Downtime and productivity loss are threats to any businesses inflicted with a ransomware incident. On paper, the push to make a payment is driven by the reality of needing to get back to business quickly to avoid the lost capital and profits that occur when ransomware forces things to go offline. This downtime can easily cost more than the ransom, but again payment is not recommended and can result in legal consequences.
The desire to make a ransomware payment can be strong, as it may seem like a quick and easy way to remedy the situation. The reality is that things are never quite that simple, and a business needs to consider thoroughly the consequences and risks of making such a payment. There are legal liabilities and regulations in play when data breaches involve personal information of any customer, as well.
Preparing for a Ransomware Incident
The best way to prepare and take action for a ransomware incident is not after the cyberthreat occurs, but beforehand. Critical in this preparation is regularly backing up all data so that things can be restored in the event of a ransomware breach without having to paying a ransom. This backup should be thorough and occur regularly so that a company can quickly access the needed data and avoid potential downtime.
Data breach defenses can help to thwart these attacks before they happen by implementing safeguards and educating everyone involved in your business about potential threats and how to avoid them. Having policies in place and qualified experts and attorneys available is also key to navigating issues with ransomware – before, during, and after the incident.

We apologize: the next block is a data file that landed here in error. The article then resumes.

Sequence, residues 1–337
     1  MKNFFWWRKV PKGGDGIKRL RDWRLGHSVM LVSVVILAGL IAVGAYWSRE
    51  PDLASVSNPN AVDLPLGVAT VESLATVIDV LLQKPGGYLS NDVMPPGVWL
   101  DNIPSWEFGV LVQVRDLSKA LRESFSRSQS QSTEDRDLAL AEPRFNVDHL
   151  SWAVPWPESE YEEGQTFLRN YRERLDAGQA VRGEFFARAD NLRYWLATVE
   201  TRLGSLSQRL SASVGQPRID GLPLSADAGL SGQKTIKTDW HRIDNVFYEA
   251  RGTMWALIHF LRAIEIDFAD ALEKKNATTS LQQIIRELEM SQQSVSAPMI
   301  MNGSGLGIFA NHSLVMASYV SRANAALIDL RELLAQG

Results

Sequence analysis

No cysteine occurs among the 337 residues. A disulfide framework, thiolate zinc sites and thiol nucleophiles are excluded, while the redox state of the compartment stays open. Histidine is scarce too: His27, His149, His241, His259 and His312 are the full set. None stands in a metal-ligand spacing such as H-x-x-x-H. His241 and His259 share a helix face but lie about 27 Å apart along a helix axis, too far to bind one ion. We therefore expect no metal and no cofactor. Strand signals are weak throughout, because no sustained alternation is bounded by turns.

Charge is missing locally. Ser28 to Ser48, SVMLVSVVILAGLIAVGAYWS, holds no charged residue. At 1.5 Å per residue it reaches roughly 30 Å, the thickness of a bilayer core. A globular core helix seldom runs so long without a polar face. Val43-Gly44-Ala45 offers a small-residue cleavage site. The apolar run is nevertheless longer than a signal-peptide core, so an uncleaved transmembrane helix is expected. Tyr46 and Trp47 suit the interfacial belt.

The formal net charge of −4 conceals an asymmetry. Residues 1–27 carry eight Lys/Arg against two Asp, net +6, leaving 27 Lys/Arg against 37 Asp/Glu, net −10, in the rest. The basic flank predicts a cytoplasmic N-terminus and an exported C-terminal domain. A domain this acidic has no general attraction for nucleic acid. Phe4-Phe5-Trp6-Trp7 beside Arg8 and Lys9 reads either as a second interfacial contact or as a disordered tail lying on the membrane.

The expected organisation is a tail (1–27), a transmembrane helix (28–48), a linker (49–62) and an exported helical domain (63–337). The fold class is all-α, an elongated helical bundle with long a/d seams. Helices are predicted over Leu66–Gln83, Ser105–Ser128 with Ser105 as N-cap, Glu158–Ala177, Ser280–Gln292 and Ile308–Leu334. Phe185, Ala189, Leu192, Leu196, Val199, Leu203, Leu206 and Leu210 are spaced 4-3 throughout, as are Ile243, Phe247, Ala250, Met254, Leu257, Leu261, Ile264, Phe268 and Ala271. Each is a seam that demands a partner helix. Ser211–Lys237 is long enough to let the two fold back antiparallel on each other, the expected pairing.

Being well prepared and informed prior to any cyberthreat is essential. The risks of ransomware and other potential sources of data breach are growing in both frequency and severity. Chances are, your business is going to experience a ransomware attack, if it hasn’t already happened. A defense system against these threats is crucial to keeping the security of your business and customers intact, and it is a fundamental component to navigating through data breaches when they do occur.
LibertyID is the leader in identity theft restoration, having restored the identities of tens of thousands of individuals without fail. If you retain personal information on your customers, now is the time to get data breach planning and a response program in place with our LibertyID for Small Business data breach preparation program. With LibertyID Enterprise you can now add value to existing products, services, or relationships by covering your customers, employees, or members with LibertyID’s fully managed identity theft restoration service – at a fraction of our retail price – with no enrollment and no file sharing. We have no direct communication with your group members – until they need us.
Call us now for a now obligation proposal at 844-44-LIBERTY (844) 445-4237